As an alternative to calculating concentration directly from reflectance, the K/S ratio of the membrane 13 may also be utilized with the present invention. Kubelka and Munk derived the K/S ratio and has been described in D. B. Judd and G. Wyszeki, Color in Business, Science and Industry (John Wiley & Sons, NY (1975)), which is herein incorporated by reference. The K/S ratio is related to the reflectance by K/S=(1−R)2/2R.

IV Method of Detecting a Target Using a Fixed Time Point and Kinetic Endpoint Measurements

A hybrid method including a fixed time point method and kinetic endpoint method may also be utilized to determine the presence or concentration of a target in a sample. In this aspect, the kinetic method operates as previously described however in addition, a fixed time point is also calculated. The fixed time point is the end of a predetermined time point that begins once the threshold value is reached or nearly reached. The method continues so long as either the comparison between the first reflectance reading and the second reflectance reading do not meet the predetermined kinetic endpoint or the fixed time point is reached, whichever is reached first. This method may be utilized with any reagent test strip that undergoes a measurable change in light scatter until a kinetic endpoint is reached.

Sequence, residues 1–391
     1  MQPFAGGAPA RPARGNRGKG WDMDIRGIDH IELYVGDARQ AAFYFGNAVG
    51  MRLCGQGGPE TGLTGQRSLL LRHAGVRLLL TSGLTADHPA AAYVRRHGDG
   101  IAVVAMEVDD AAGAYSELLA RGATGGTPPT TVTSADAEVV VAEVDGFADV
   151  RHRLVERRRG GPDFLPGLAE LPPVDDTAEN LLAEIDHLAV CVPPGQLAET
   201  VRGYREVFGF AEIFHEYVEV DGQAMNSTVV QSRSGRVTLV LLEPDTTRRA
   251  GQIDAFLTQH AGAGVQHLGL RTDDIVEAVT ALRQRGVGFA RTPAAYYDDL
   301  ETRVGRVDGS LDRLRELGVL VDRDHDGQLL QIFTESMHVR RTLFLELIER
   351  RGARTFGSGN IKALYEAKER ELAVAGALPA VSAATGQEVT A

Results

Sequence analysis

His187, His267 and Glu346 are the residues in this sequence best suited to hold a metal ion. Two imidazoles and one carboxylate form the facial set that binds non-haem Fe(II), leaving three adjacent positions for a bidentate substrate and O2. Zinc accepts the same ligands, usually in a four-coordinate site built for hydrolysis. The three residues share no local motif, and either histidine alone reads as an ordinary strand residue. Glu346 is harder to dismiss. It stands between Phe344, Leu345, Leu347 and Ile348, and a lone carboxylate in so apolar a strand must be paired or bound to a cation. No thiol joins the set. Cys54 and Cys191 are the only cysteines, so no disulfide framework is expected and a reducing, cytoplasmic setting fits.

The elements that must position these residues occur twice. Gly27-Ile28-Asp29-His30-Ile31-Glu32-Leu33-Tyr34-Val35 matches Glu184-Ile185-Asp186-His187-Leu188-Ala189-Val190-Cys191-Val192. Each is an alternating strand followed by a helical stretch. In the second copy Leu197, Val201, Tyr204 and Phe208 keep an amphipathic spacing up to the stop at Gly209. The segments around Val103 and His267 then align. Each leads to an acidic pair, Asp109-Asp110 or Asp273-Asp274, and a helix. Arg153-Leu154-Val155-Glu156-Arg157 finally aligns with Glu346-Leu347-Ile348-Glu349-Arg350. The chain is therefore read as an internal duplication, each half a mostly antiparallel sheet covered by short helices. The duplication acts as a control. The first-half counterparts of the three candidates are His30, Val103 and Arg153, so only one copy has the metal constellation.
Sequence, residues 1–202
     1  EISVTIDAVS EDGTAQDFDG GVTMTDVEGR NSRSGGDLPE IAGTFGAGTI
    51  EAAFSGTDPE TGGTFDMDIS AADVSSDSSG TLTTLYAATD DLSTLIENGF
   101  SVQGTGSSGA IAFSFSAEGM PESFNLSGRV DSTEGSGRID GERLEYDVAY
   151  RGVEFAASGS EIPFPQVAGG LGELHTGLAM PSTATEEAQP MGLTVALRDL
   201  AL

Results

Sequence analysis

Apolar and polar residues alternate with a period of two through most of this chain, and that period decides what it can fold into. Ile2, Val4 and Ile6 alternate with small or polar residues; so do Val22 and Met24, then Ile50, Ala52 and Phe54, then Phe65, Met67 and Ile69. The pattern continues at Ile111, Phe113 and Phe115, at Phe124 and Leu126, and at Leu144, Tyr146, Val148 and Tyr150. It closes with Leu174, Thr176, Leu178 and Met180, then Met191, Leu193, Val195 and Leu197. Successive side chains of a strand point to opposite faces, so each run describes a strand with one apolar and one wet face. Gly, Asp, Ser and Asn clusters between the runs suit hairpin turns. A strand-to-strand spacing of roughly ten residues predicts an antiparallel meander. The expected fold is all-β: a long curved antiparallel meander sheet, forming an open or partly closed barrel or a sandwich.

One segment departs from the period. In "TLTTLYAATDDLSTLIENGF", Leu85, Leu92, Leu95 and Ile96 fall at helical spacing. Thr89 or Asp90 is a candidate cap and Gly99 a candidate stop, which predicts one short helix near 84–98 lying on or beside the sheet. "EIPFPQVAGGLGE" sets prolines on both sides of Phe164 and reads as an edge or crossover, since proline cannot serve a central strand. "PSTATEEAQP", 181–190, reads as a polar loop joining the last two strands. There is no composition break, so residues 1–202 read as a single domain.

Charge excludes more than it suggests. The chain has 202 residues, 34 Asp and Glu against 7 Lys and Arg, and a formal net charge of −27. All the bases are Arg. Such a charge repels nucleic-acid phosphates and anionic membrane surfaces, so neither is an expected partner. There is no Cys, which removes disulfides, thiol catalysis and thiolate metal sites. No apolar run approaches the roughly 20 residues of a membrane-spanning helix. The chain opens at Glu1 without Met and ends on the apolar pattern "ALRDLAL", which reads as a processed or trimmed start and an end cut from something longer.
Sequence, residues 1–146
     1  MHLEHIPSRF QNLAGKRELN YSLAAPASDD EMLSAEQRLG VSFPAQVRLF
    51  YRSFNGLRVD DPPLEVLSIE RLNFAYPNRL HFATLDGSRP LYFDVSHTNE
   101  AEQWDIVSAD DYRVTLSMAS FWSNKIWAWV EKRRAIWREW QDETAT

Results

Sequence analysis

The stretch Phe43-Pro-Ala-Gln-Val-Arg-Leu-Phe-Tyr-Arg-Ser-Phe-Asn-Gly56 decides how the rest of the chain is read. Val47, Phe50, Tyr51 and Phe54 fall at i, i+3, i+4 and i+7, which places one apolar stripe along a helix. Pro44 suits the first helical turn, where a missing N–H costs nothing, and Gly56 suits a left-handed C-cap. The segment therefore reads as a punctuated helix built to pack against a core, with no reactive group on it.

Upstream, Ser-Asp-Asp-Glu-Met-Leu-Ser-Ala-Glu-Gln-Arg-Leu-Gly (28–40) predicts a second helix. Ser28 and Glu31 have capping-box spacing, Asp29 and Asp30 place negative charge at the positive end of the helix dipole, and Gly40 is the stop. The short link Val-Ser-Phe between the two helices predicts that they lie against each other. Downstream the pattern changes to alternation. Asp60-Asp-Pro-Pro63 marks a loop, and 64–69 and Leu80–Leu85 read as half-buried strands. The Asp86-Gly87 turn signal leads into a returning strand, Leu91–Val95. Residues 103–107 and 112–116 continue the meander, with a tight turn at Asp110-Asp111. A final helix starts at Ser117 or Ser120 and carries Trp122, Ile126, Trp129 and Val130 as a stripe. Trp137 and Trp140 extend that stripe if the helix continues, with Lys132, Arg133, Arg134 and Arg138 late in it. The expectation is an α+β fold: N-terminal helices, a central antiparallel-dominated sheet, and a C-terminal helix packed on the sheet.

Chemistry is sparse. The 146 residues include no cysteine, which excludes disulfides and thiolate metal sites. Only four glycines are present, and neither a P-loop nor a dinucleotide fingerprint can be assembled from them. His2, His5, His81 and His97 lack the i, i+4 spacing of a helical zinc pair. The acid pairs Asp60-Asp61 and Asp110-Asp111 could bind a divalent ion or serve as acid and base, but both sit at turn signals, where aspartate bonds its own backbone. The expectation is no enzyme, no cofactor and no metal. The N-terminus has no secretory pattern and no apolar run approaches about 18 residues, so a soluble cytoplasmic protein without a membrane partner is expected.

Referring to FIG. 5, the present invention includes a method of determining the concentration of a target in a sample including the steps of: a) detecting a dry strip reading from the reagent test strip of the present invention; b) applying a fluid suspected of including a target to the reagent test strip; c) running a preprogrammed threshold loop instruction; d) beginning a predetermined time point such that a fixed time point may be reached; e) detecting a first reflectance measurement; and f) running a preprogrammed kinetic loop instruction; g) determining the presence or concentration of the target. Preferably the threshold loop instruction comprises the steps of: detecting a threshold comparison measurement; comparing the threshold comparison measurement to a predetermined threshold value; and repeating the loop until the threshold comparison measurement is less than or equal to the predetermined threshold value. Preferably the kinetic loop instruction comprises the steps of: detecting a second reflectance measurement; comparing the first reflectance measurement to the second measurement; ending the loop if the second reflectance measurement is less or equal to a predetermined cutoff value or if the fixed time point is reached; replacing the value of the first reflectance measurement with the value of the second reflectance measurement; and repeating the loop.